In Toledo, Polo’s works are exhibited in the renovated convent of Santa Fé; the region spent €1.2 million so that the building could accommodate the collection. The Cuenca museum, in a former church, is significantly smaller, although the authorities express hope that it will eventually move to a larger building. Cuenca already hosts an outstanding museum of abstract Spanish art, collected by Fernando Zóbel, a Filipino painter and businessman.
But not everybody has shared the enthusiasm of legislators for using public funds to showcase private foreign collections.
“I have nothing against Mr. Polo,” said Norberto Dotor, a retired gallerist who ran spaces in Madrid and Castilla-La Mancha, “but I cannot accept and understand how our politicians could present this as a gift.”
“What we needed from our politicians was a regional art center showcasing our own cultural history and artists, rather than spending taxpayers’ money on helping a private collection,” Dotor added.
Ángel Felpeto, who was the region’s culture minister when the museum deal was signed with Polo, acknowledged that “some people felt that Toledo and Cuenca already had much to offer to visitors and that having more museums would not add a lot.” But he argued that Polo’s collection “filled an important gap in terms of European modern and contemporary art, not only for our region, but for Spain as a whole.”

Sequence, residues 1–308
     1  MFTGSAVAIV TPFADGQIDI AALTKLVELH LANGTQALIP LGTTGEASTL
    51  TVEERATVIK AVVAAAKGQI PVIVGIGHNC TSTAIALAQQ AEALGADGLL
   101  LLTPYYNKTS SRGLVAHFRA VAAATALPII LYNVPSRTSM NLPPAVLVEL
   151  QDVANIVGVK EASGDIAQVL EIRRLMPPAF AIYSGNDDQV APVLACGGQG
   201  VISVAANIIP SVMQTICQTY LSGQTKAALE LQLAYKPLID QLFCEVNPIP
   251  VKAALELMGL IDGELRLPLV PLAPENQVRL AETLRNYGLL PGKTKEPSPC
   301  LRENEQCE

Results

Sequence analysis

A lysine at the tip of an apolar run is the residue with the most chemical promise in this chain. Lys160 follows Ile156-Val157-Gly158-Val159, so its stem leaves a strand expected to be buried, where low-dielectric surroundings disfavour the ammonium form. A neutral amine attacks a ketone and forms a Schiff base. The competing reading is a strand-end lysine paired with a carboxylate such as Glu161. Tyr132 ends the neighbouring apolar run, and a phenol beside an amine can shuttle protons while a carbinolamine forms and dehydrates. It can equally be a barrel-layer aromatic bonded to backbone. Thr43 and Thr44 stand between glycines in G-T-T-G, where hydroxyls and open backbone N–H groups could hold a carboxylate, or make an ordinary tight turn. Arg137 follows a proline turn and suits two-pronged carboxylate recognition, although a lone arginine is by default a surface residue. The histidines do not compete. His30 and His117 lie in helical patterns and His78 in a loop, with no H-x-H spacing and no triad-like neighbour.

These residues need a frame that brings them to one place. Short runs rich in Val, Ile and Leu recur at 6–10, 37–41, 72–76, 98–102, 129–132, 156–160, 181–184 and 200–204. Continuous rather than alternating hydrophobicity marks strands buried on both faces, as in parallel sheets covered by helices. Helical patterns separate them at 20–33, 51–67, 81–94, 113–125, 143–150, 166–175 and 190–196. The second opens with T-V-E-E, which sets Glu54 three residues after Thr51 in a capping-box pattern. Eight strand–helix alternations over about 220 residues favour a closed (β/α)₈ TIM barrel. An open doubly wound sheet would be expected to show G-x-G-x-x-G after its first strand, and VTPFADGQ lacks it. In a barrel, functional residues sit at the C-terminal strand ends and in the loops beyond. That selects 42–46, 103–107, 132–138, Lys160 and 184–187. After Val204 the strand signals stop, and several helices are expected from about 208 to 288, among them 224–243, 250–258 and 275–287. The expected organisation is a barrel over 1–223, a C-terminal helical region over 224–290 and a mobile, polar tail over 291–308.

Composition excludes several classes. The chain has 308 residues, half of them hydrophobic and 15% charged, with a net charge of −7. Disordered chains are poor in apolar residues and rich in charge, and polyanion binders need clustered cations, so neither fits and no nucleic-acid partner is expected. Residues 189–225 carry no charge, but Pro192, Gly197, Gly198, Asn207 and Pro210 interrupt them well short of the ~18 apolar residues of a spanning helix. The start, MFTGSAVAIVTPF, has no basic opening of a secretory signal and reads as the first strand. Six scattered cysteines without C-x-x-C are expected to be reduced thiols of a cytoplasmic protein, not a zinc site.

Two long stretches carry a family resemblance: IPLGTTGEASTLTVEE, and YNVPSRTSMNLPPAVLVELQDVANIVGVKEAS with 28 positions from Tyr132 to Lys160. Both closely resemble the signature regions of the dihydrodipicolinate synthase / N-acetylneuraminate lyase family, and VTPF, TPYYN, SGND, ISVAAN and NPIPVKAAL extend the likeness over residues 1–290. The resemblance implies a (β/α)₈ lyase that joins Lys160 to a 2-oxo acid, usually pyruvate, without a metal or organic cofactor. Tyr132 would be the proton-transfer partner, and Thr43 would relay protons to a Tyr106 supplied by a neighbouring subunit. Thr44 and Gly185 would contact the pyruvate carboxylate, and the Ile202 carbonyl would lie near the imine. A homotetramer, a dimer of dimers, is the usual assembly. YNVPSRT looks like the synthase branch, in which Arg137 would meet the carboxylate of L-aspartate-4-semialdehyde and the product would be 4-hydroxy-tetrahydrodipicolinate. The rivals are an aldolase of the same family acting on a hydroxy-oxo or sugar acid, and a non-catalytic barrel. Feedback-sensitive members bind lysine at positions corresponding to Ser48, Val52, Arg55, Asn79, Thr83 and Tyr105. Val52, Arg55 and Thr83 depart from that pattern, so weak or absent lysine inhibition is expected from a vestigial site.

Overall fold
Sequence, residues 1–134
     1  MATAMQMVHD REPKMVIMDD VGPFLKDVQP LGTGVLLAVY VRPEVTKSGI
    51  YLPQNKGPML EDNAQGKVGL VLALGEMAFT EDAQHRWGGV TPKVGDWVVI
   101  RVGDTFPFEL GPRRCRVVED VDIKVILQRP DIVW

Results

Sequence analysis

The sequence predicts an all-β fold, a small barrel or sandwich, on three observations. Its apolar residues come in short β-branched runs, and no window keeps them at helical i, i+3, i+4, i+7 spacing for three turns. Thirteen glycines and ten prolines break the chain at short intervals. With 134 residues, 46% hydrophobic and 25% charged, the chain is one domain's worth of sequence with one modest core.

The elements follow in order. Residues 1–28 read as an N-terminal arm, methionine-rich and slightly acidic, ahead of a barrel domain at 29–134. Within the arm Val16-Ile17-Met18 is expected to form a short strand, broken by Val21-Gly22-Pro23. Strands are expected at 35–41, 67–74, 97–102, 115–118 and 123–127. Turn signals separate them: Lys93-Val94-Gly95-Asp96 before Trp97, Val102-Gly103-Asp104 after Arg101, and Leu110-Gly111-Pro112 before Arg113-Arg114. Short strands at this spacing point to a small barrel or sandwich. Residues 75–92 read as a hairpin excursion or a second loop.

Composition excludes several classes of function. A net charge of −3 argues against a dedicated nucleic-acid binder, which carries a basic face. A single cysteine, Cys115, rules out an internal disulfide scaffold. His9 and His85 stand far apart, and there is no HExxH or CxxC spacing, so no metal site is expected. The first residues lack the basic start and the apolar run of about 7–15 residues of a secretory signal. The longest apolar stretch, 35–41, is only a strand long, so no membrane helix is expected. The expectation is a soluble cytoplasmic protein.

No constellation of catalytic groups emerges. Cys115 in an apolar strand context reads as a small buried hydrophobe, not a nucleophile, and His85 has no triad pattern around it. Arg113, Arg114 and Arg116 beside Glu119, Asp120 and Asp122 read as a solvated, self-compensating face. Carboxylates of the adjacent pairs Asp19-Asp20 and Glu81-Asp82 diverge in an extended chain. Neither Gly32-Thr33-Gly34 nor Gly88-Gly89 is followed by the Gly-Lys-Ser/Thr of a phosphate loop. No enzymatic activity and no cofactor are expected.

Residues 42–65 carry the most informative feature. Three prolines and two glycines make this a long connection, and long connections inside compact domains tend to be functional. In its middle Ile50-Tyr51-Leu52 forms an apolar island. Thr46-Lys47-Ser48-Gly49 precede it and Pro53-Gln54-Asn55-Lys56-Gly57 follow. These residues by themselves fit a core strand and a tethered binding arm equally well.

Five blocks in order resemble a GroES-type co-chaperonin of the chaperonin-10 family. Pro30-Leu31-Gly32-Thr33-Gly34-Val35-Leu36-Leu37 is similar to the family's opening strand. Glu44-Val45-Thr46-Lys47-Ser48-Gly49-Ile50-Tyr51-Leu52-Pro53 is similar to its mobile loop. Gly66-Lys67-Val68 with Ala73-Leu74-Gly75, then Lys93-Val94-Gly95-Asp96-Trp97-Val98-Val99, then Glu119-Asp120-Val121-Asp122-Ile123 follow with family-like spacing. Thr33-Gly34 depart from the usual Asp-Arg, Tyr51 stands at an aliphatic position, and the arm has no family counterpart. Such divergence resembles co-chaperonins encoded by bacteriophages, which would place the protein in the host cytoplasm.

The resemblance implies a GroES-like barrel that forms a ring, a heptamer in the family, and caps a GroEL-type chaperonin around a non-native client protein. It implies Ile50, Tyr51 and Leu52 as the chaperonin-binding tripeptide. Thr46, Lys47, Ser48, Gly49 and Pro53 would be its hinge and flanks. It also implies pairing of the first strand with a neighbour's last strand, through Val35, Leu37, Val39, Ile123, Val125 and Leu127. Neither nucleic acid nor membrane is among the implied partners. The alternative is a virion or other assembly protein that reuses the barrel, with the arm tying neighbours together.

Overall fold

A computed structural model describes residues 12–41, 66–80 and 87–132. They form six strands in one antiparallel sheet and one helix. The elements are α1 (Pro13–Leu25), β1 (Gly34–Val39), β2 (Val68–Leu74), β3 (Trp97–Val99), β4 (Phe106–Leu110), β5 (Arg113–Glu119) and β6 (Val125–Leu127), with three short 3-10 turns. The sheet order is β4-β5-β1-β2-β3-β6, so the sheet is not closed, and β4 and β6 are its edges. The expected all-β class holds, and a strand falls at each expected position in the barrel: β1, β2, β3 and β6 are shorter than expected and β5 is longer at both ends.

Concerning Polo’s past troubles, Felpeto added: “His judicial problems were long over and what mattered to us was the valuation and characteristics of the works he could offer us.”
Despite managing to rebuild an art collection after leaving prison, Polo said that he had regained nothing like the wealth that he once boasted, and would not benefit financially from the museums in Spain.
“I’m a terrible businessman,” he said, with a wry smile.